'Lawless' spies threaten Cyril Ramaphosa's state clean up

Top officials said to fear reforms will 'close money taps'

10 March 2019 - 00:04 By QAANITAH HUNTER


President Cyril Ramaphosa is facing a rebellion by senior spooks in the State Security Agency who are threatening to topple him over his plans to restructure the intelligence services.
This was confirmed by state security minister Dipuo Letsatsi-Duba in an interview with the Sunday Times this week.
Letsatsi-Duba said she feared that high-ranking officials were rebelling at Ramaphosa's proposed overhaul of the agency following years of "lawlessness".
"When you come in and put systems in place where there was lawlessness, obviously you will come across resistance," she said. "This is not ordinary resistance, it has a bigger agenda which is to make the status quo remain, so people can do as they wish."
Last month the president visited the agency's headquarters at the Musanda complex in Pretoria, where he told top spies of the plan to split the agency into two entities, one with a focus on domestic intelligence and the other concentrating on foreign developments.
Ramaphosa's visit followed a report from a high-level panel, led by former minister Sydney Mufamadi, that the president convened to study the work of the agency.
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The report painted a grim picture, saying that under the administration of former president Jacob Zuma the security agency had deviated from its constitutional mandate and focused on the interests of certain individuals.
Letsatsi-Duba said those who were revolting against the reforms, which are due to be implemented over the next six months, had no respect for the constitution and "have no role in the agency".
Top intelligence operatives, speaking on condition of anonymity, have threatened to hit back. If Ramaphosa continued "agitating" them, "some of our guys will get involved and he will see it at the NGC", said one official, referring to the ANC's national general council.
This, the party's midterm meeting, expected to be held again next year. There are suspicions that some Zuma backers plan to table a motion of no confidence in Ramaphosa at the gathering.
A source close to Ramaphosa said his allies had been warned that some intelligence officials were ready to help "make life difficult" for him.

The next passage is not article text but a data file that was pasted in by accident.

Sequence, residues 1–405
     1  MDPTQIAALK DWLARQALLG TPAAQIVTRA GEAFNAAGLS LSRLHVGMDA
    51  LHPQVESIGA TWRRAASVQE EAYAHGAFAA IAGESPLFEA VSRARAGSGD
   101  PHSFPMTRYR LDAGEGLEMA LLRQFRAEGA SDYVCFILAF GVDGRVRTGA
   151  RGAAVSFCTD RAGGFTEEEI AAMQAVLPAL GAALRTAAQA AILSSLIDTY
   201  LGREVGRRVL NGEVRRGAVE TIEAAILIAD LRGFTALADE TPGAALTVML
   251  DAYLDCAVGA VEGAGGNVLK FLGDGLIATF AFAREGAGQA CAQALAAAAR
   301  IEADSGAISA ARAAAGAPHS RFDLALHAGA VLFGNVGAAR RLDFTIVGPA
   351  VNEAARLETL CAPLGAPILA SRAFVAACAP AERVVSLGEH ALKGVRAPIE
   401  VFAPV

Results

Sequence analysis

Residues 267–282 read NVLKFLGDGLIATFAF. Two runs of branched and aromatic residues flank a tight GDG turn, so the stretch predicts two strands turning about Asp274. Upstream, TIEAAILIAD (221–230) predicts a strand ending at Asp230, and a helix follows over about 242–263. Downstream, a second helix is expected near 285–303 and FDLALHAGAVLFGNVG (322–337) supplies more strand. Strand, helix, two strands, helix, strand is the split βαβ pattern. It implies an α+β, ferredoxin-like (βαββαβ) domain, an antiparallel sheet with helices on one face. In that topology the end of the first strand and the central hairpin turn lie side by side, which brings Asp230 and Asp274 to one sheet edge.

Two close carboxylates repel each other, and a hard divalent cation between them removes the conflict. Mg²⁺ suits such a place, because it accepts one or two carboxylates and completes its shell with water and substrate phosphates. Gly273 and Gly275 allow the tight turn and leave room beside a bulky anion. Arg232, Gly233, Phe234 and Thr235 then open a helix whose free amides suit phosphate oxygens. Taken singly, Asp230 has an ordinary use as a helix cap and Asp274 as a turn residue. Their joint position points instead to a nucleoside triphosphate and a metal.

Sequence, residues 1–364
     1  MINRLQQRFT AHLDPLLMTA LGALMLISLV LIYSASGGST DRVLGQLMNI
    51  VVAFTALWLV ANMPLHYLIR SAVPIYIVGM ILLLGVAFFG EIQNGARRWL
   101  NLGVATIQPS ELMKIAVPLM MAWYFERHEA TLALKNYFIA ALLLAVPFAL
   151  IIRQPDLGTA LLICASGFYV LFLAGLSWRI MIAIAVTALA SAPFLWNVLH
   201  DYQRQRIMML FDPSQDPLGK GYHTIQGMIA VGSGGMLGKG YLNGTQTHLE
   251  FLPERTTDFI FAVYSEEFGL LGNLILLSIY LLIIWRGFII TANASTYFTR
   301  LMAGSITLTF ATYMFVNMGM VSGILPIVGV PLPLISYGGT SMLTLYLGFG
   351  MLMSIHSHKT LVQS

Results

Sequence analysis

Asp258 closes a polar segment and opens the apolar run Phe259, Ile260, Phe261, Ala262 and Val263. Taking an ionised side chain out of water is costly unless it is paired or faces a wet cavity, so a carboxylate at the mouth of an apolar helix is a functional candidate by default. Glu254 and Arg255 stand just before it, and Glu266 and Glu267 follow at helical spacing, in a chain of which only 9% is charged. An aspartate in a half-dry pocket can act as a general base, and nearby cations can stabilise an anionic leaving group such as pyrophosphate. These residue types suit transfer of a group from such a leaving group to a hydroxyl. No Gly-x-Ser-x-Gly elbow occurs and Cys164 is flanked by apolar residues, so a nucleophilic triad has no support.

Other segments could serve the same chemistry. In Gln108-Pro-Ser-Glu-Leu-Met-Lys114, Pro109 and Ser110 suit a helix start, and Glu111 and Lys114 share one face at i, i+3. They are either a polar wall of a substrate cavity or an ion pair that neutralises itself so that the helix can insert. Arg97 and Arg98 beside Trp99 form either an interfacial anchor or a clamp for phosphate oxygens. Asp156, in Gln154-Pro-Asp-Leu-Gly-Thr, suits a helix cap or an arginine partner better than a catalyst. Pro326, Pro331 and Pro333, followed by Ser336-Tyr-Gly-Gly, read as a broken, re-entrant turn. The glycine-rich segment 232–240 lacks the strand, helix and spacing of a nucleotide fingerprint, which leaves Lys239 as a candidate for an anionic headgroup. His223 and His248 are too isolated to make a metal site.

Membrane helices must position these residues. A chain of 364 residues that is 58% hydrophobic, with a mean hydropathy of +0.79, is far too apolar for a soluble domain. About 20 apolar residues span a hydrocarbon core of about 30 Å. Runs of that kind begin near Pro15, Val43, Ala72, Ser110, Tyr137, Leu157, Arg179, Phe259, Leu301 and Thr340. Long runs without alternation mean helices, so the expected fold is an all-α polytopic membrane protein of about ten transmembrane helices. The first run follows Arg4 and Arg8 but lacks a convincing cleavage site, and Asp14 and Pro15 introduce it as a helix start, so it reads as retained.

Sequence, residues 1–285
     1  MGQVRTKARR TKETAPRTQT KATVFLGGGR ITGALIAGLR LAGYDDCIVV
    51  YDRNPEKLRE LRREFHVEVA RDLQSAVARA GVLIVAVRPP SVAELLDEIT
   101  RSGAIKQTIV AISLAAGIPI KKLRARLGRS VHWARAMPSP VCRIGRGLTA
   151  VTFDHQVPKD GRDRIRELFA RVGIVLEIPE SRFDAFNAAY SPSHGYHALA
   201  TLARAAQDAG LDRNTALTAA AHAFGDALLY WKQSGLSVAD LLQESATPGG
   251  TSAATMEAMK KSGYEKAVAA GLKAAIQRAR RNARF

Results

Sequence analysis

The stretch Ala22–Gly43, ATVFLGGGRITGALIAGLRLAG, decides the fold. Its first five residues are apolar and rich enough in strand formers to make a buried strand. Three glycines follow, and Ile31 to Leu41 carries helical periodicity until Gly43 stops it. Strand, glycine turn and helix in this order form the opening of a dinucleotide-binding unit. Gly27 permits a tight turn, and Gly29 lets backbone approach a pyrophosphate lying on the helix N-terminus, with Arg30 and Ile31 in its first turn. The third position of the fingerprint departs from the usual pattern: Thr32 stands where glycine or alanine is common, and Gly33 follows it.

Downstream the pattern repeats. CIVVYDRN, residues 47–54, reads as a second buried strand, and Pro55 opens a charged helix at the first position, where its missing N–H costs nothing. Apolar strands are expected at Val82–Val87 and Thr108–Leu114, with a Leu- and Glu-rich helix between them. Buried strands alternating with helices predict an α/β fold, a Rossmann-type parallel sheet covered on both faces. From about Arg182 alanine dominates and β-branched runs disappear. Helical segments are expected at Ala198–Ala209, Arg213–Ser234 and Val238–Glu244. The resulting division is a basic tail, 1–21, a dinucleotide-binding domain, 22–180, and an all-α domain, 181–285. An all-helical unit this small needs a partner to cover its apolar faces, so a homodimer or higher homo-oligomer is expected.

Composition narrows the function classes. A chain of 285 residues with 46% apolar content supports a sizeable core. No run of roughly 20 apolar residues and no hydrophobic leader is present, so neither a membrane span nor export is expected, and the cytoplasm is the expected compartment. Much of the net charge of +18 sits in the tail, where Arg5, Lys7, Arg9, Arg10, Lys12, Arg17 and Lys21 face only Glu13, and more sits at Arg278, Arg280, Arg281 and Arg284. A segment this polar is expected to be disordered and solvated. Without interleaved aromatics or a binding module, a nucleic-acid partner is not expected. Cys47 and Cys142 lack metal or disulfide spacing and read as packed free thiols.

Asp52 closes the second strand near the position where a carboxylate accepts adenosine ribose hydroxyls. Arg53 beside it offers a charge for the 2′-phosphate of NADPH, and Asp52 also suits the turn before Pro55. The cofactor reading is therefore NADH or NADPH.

Letsatsi-Duba said she wanted the law changed to make it a criminal offence for intelligence officials to get involved in party-political matters.
"We allow officers to come and interact with us, we even use them for political reasons, which is wrong," she said.
"Because the constitution is very clear, their mandate is very clear, but we ignore that because it serves us better."
Two other intelligence officials who spoke on condition of anonymity accused Ramaphosa of seeking full control of the intelligence service and of planning to "locate it in the presidency".
"They say what the old man [Zuma] did was bad. But now they want to make intelligence an extension of the presidency. Nothing happens unless Ramaphosa's boys sign off," said one of them.
'CORRIDOR GOSSIP'
But Letsatsi-Duba dismissed this as "corridor gossip", saying people who "ate" or looted intelligence funds were rebelling because she was "closing the taps".
"If you are used to doing wrong things, and in the process you always have money in your kitty, you will scream and kick," she said.
Anti-Ramaphosa sources also said the proposed changes to the security agency would render the intelligence services toothless and susceptible to infiltration by foreign intelligence agents.
"They want to bring in the auditor-general to audit the covert budget. If I was a foreign intelligence agency I would just recruit accountants and place them in the AG's office," one source said.
Letsatsi-Duba said people were using the cloak of intelligence secrecy to hide criminal activity.
Mufamadi's panel recommended that a multidisciplinary investigation team should probe criminal allegations against top spies, and that a senior advocate should conduct disciplinary hearings against those who broke the law and gave illegal orders.
"In the period being reviewed by the panel, it seems there were certainly a large number of manifestly illegal orders issued, reportedly from the level of the executive downwards," the panel's report said.

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